Everyone knows that ‘sex sells,’ but for an independent, female musician looking to discuss sexuality on her terms, this old adage couldn’t be further from the truth.
A thought piece for International Women's Day.
Words Mark Knight, Right Chord Music
Aren’t we the liberated generation?
We find ourselves living in a world where 120 million people visit PornHub everyday, over 200m have watched the lyric video for WAP by Cardi B and Megan Thee Stallion and almost half of 18-29 year olds have used an online dating site. It’s easy to assume we are the sexually liberated generation.
But despite all this it's rare we talk openly about sex. The ‘sexy’ and ‘sexual’ agenda is largely still set and controlled by men, for men. But when a women wants to use ‘sex’ or be ‘sexy’ on their own terms, the barriers go up.
Banned and Censored
Later this month independent, female musician Zaritza plans to release her latest single ‘When I Want It’ a track about the taboo of female pleasure. Without the backing of a major record label or mainstream radio, Zaritza follows a route familiar to independent artists the world over… she makes video content and creates Facebook and Instagram ads, encouraging people to listen on Spotify.
Self serve advertising platforms present a huge opportunity for independent artists. No longer reliant on cost prohibitive magazines, outdoor or TV ads, they give musicians the chance to share their music with anyone of Facebook’s 1.69bn users or 1bn Instagram users. Finally a chance to get your music heard, or so you would think?
But within 30mins of ad creation, a notification appears from Facebook to confirm Zaritza’s ads have been banned for falling foul of their adult content regulations, one of 20 different reasons why Facebook can ban an advert. Check out the banned ad below and ask yourself whether it’s static / animated style contains anything that would offend the liberated generation described above.
Zaritza’s ad was deliberately set to only target 18+ adults in Western markets including the US and UK. Naturally she omitted muslim countries where religious sensitivities remain. It's not the first time she has suffered at the hands of the censors. Her music video for Slot Machine was also banned by YouTube and Facebook ads targeting adult audiences. Is there anything in this video that shocks an audience that have grown up watching Kylie Minogue spinning around in her gold hot pants, or Christina Aguilera in leather chaps in her video for Dirty?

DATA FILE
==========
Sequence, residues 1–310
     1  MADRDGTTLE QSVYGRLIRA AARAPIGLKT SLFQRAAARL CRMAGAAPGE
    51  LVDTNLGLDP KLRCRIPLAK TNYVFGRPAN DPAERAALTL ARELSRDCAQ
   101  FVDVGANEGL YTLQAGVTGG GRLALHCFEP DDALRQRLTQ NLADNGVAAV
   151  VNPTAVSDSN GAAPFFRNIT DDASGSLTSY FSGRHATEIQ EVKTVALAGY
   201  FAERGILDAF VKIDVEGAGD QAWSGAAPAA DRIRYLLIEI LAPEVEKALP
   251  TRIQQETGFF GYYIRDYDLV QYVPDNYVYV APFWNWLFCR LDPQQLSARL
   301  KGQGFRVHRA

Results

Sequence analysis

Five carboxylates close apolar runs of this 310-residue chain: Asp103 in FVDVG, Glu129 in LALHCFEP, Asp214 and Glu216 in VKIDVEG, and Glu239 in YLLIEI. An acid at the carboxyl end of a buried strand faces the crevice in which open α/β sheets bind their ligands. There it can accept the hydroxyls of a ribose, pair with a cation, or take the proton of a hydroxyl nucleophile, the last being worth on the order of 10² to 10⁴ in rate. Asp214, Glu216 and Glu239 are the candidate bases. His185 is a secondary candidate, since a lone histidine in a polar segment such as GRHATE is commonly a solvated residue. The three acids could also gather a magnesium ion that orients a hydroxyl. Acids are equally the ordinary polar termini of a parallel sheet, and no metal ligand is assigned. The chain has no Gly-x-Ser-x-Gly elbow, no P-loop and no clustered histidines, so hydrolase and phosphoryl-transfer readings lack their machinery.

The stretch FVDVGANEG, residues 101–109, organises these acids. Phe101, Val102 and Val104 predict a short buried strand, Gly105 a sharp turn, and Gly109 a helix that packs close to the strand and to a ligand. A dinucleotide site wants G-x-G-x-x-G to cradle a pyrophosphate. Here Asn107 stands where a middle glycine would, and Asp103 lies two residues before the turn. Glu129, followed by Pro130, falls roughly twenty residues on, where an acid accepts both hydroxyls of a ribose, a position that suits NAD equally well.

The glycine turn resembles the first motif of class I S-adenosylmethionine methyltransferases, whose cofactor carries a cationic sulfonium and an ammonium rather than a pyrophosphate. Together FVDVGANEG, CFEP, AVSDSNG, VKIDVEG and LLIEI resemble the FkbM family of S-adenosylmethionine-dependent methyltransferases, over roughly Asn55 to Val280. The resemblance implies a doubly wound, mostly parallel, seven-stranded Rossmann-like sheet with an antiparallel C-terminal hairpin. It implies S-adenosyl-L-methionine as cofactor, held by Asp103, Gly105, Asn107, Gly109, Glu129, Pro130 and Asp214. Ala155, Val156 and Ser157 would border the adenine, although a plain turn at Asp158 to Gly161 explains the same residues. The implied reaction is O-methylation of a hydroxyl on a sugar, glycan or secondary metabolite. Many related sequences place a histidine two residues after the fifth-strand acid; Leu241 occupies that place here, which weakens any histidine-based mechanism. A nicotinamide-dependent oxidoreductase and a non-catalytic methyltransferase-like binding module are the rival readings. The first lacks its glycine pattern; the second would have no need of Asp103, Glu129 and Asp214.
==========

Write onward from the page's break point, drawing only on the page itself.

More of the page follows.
Facebook Your Cultural Censor
It raises the question, should we be accepting of Facebook’s self appointed role as our cultural censor? Should they really be able to decide what adults can and can’t see? Aren’t musicians supposed to be the ones that set the agenda, push the agenda and rip up the status quo? Isn’t music supposed to be about sex, drugs and rock n roll? Sadly Facebook and Instagram didn’t get the memo.
It's not only Zaritza who is falling foul of the censors, we’ve heard from other female artists whose ads have been banned for far less including a naked shoulder, a plunging cleavage (Have you been on Instagram, Snapchat, TikTok lately?) or even a simple kiss. When it comes to music, it appears ‘sisters really can’t do it for themselves’ with Facebook or Instagram advertising.
Creative Freedom For Independent Artists
International Women’s Day feels the ideal time to highlight this censorship issue. Wouldn’t it be great, if Facebook changed the rules allowing music ads to be reviewed through a different lens? Shouldn’t adults, actively seeking interesting and challenging music content be able to see what they crave? Afterall, when you are Ben Cook, the boss at Atlantic Records you find a way for your artist Cardi B to take WAP into the mainstream.
Recent Spotify data shows the share of overall Spotify streams generated by major label artists is falling, down 4% percentage points to 78% in 2020 from a high of 85% in 2018. It’s clear the indie artists are coming, now let's give them the channels they need to promote their art.